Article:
The Messy Middle

Starting a story is easy, isn’t it? Our fingers itch to get that magical idea onto paper. We’ve written and rewritten those opening sentences a hundred times in our heads, and they stream across our computer screens with the polish of a final draft. We’ve already envisioned the final scene, too, and maybe drafted it in triumphant, memorable words. We’ve figured out which actors are going to play our main characters in the movie version and we know what the music is going to sound like in the soaring last scene . . . oh right, the story needs a middle.

Often, the middle of the story is where we’re no longer carried forward by inspiration and are relying fully on elbow grease. We’re mired in confusion, both practical and existential—would the main character say this or that? Have I got my chronology in order? If I delete that scene, do I have to rewrite the following five chapters? Are my characters suffering too much? How are my characters going to extricate themselves from their current problem? Do I have to pause for scientific or geographical research? I'm so bored—will my readers be, too?

Between the momentum of the story’s beginning and the motivation of its resolution, we’ve lost an awareness of time and progress. We don’t know whether to keep shouldering through or give up.

I love this quote from Fast Company’s September 2015 issue:

Last year, [Brené] Brown gave a talk at Pixar Animation Studios, where president Ed Catmull (who helped save Pixar with Toy Story) and his team explained that the middle of the creative process is the hardest part. In the script, for example, it’s where the main character must face a tough journey to learn a lesson. That shaped her theory: You can’t skip the second act. “People don’t recount the middle of the story often,” Brown says. “[It has] the most potential for shame. But it’s where everything important happens.” [Read more here.]

When authors struggle with the messy middle, we are encountering a human reality both within the story and within our lives. The middle is rough! It’s a place where we search for meaning and don’t know if we’ll find it. It’s where we strive toward a goal while facing the strong possibility of failure. This is happening to us while it is happening to our characters. To make it through the messy middle, try these suggestions:

Keep plodding.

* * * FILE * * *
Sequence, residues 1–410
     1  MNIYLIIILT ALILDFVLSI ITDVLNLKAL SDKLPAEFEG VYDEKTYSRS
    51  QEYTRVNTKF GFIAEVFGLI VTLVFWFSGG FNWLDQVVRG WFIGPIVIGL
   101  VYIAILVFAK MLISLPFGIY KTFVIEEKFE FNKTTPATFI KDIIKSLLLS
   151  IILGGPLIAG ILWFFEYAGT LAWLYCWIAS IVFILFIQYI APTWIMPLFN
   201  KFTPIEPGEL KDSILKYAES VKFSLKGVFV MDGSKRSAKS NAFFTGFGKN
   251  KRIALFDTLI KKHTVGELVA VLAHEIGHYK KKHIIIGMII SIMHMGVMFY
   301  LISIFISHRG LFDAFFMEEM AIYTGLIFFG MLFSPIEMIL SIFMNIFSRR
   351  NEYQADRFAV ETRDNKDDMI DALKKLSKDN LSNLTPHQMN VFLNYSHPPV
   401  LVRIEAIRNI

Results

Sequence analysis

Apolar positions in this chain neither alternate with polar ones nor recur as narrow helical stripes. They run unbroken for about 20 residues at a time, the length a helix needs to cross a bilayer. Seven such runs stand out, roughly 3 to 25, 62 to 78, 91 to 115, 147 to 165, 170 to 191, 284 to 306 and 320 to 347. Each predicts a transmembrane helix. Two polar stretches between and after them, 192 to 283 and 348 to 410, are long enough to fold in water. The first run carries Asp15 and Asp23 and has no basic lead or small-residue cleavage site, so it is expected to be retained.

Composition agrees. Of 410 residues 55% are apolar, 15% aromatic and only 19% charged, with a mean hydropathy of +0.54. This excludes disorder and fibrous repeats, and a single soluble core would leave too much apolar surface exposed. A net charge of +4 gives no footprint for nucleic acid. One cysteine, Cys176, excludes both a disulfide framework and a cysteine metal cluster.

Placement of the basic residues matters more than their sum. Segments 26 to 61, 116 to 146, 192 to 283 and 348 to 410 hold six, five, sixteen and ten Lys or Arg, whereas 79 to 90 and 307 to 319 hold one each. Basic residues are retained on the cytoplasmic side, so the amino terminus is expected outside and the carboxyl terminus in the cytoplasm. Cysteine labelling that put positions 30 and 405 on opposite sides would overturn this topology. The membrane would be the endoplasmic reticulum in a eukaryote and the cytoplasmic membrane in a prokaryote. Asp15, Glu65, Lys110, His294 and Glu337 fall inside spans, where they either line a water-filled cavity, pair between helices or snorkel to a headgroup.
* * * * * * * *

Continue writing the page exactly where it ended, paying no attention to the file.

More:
Set an hourly, daily, weekly, or other target for number of words written, portion of story written, or time spent writing. For example, you could commit to writing three hours each week, or 300 words each morning, or 250 words in a half-hour each weeknight. Make sure the goal you have set is achievable but stretches you a little. Then stick to it. If you’re freaking out about whether your story is worth writing, push those thoughts to the side until you’ve achieved your current target. Write something, even if what you write has to be deleted tomorrow.

Review the beginning and ending.

The point of your story’s middle is to get your characters from the beginning to the end. So if you’re really stuck or lost, step back for the big picture. What things need to happen for the ending to be possible? How does your main character need to change? Does he or she need to make a big decision? What circumstances need to occur? Is the middle, as it’s currently being written, lining up with these objectives? As you work through the middle, are you realizing that the beginning or ending needs to change?

Take breaks.

Hard work is counterproductive if you’re physically or mentally exhausted. Plus, time spent away from a project gives your creativity the chance to operate on a subconscious level. Include regular breaks in your writing schedule. Be sensitive to the fact that sometimes you’ll need to entirely step away from your story in order to clear your mind and restore your energy. Translation: take a vacation, already!

Trust the revision process.

Can you get through this draft? Give yourself permission for it to be good enough, not perfect, because there’s another draft coming. The wonder of revision is that you get to keep taking shots at your story until it’s finally right. Strive for each draft to improve upon the previous one. Gradually your story will take meaningful shape.

Writing is hard work. So is life. In each case, we can balance disciplined work with rest and inspiration to arrive at the satisfaction of meeting our goals.